Feb. 3, 2017 | Lesson 3 pt. four (CSS Fundamentals)

One of the benefits of using HTML and CSS to separate presentation and structure is the ability to present the same content in different ways to different devices. CSS allows this through the use of Media Types and Media Queries.

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As the image shows below, this means that one set of styles can be sent to Screen devices and another set can be set to a printer just by specifying the correct media type.

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This allows the change of the design of the site based on the contest of where it’s viewed, or restrict the use of certain media specific styles (like page breaks) to the device that understands them.

The most common syntax for declaring mediate types is actually part of HTML.

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When using a link tag to link to an external style sheet, the Media Attribute can be used to specify which media type or types the styles apply to. Media types to @import blocks as well as @media blocks can also be applied.

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At one time, CSS 2.1 specification listed 10 different media types. Now, I could go through them all, but I’m just going to show the list then go over the ones that are still implemented.

In the right image, all, print, screen and speech are highlighted. Very briefly, “all” tells all user agents to apply the styles. Print is for printers. Screen is for screen-based devices. and speech is for speech synthesizers, such as screen readers.

To further control how styles are applied based on devices we turn to Media Queries and Media Features.

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To dig into media queries a little deeper, we’ll take a look the syntax.

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The second line is where we’ll focus beginning with the optional “only” or “not” keywords to filter media queries.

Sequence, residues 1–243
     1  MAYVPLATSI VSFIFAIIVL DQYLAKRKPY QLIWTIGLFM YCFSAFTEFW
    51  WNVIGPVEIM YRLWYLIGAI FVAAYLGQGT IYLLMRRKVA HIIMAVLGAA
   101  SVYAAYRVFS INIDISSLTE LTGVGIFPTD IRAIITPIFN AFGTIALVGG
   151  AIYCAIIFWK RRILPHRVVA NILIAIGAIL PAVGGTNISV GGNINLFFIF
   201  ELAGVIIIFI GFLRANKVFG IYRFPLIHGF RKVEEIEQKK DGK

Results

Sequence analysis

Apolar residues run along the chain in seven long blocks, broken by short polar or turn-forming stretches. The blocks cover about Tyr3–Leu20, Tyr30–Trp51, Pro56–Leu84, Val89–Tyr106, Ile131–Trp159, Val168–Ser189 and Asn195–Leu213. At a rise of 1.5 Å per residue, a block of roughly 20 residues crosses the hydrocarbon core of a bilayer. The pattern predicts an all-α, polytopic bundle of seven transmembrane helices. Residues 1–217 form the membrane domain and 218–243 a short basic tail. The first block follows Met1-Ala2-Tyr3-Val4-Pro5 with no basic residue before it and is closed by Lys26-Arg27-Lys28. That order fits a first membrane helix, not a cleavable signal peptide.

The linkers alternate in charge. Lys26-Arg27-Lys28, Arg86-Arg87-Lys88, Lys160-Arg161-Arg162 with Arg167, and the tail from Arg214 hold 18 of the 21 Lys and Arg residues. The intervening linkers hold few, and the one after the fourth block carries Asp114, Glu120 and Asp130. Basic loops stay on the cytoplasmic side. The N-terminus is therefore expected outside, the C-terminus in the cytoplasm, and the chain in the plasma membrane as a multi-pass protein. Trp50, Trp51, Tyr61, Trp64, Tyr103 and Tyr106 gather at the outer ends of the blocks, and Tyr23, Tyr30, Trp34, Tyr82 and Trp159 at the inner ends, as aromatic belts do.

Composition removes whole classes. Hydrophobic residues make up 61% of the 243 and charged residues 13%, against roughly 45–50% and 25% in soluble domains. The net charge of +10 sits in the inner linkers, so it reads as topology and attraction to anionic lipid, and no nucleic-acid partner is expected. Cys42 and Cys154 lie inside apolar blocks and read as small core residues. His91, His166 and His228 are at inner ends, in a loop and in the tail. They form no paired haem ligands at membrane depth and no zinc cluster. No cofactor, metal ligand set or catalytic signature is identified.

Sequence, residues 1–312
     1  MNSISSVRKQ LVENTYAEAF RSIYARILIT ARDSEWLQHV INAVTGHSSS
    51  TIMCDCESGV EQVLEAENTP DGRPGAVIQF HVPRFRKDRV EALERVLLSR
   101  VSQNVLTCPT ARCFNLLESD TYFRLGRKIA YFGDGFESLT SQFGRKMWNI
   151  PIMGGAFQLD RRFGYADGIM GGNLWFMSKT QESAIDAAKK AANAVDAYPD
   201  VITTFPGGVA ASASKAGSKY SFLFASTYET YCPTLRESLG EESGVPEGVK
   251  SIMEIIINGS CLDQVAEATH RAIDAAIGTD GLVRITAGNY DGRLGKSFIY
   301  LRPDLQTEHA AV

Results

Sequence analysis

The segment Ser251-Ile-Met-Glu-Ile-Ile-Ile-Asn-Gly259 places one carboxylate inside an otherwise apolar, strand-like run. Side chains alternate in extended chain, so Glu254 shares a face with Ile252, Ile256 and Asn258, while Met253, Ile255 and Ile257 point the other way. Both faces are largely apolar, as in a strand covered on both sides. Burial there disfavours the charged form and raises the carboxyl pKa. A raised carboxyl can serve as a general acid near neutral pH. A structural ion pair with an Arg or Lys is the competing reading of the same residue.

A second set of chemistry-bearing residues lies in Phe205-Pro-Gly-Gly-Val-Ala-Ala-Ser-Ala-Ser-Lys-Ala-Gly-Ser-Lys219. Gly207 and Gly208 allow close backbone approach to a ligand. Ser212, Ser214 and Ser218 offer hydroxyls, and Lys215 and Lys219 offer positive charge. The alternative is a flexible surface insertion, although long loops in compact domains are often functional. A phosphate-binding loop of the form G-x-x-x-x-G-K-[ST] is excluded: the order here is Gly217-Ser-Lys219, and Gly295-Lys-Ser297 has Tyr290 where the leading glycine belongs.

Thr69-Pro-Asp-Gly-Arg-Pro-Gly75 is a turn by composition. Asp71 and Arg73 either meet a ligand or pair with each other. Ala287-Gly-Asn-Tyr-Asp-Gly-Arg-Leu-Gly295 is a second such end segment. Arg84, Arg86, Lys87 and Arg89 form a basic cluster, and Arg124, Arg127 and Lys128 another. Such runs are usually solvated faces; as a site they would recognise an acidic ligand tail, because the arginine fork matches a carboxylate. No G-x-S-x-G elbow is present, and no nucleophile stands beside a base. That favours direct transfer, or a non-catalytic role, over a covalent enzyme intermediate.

“Only” is simply used to filter out media queries from being applied by non-supporting devices. Conforming agents are just told to ignore it, so you’re only going to use it if you’re trying to hide the media query styles from older browsers.

The “not” keyword negates the entire media query. So, the styles would apply to devices that do not meet query expression.

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From there, you move on to declaring a Media Type such as “screen” or “print.” You can then use the “and” keyword to add as many expressions as you’d like. These expressions allow you to check for certain media features and even allow you to check for a range of values.

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Using media features to filter when styles are applied gives us more flexibility in targeting devices. Rather than targeting a specific type of device, we simply target whether a feature is supported or not. There are a wide range of media features currently available and more are being added.

These are grouped in categories based on screen dimensions, display quality, color, user interaction, environmental and scripting.

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On certain media features, like width or height, you can add a minimum and maximum pre-fix to set upper or lower limits on those values. Below is an image  of an example of syntax to see how media queries might be used in action.